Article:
“The Bipartisan Policy Center appreciates the opportunity to submit comments on the Centers for Medicare and Medicaid Services’ (CMS) request for information concerning changes to Patient Protection and Affordable Care Act (PPACA) regulations that could promote increased stability of the individual health insurance market and affordability of coverage. Earlier this year, BPC convened a bipartisan group of leading national health policy experts to identify a path forward for a consensus approach to improving health care in the United States. With the assistance of this Future of Health Care panel of experts, BPC stands ready to work with CMS and Congress to advance policies that will improve access to affordable health care and insurance coverage in America.
BPC stands ready to work with CMS and Congress to advance policies that will improve access to affordable health care and insurance coverage in America.
“Although maintaining stability in the individual health insurance market has been a challenge during the implementation of PPACA, early indications suggest that the risk pool may have begun to stabilize in 2016 and 2017. After initially escalating in 2014 and 2015, average medical loss ratios (MLRs) for individual market plans declined in 2016, and fell even further in the first quarter of 2017,1 indicating improvements in medical claims experience relative to premiums. After incorporating the significant premium increases of 2017, market analysts have projected that, absent other changes to the market, most individual market insurers should achieve close to break-even financial performance in 2017.2 In addition, CMS data demonstrate that risk scores for individual market enrollees stabilized in 2016.3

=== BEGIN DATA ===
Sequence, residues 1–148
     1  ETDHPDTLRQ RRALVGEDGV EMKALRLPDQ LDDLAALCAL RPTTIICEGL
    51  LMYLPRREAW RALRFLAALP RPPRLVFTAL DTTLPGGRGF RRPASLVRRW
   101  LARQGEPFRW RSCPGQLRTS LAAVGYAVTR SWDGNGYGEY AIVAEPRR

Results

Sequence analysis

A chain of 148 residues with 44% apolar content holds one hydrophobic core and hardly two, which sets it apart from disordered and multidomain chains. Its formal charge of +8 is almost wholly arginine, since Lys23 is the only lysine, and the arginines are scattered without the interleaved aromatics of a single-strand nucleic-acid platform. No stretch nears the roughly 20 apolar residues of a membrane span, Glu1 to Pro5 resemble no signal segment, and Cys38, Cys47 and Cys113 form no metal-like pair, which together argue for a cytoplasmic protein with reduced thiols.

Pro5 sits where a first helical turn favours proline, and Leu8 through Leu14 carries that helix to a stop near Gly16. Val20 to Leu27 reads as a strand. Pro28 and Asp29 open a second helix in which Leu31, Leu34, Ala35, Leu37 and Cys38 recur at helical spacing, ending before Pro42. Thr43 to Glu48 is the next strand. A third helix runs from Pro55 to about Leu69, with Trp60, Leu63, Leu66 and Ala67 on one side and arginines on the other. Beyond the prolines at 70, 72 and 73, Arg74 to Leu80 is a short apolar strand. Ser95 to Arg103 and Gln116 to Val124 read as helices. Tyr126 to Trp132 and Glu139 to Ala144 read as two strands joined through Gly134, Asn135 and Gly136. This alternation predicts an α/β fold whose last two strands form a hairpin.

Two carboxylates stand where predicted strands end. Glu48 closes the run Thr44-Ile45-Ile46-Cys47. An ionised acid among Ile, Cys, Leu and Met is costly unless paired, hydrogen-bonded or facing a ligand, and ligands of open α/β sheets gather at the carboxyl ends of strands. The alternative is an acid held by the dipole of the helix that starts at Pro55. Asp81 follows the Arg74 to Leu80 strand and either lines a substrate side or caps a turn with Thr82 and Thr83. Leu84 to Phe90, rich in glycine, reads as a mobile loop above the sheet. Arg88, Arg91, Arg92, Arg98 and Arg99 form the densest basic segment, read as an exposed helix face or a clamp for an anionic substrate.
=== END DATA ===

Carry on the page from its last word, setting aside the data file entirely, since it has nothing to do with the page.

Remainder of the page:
“As a part of its recent Market Stabilization Rule, CMS finalized several changes for the Health Insurance Marketplaces (hereinafter Marketplaces) that will be implemented in 2018 and could further improve financial performance among individual market insurers. CMS is also requesting regulatory waiver applications from states seeking to innovate their individual market insurance models. If structured properly within the framework of important guardrails, such state-level changes could help to stabilize premiums in the Marketplaces, as could the Market Stabilization Rule’s policy to delegate exclusive authority over individual market network adequacy standards to state regulators. In 2015, BPC recommended several policies to improve state flexibility in the individual market. BPC will continue to examine the issue as a part of our Future of Health Care efforts.
“However, given that the reformed individual market has not fully matured and that political uncertainty surrounding ongoing PPACA implementation is likely to complicate that market maturation process, BPC agrees that additional regulatory actions by CMS could be helpful in stabilizing the market. Such actions, in conjunction with legislative fixes where necessary, could help control future premium cost growth in the individual market.
“In this letter, BPC highlights several policy changes that CMS should consider.”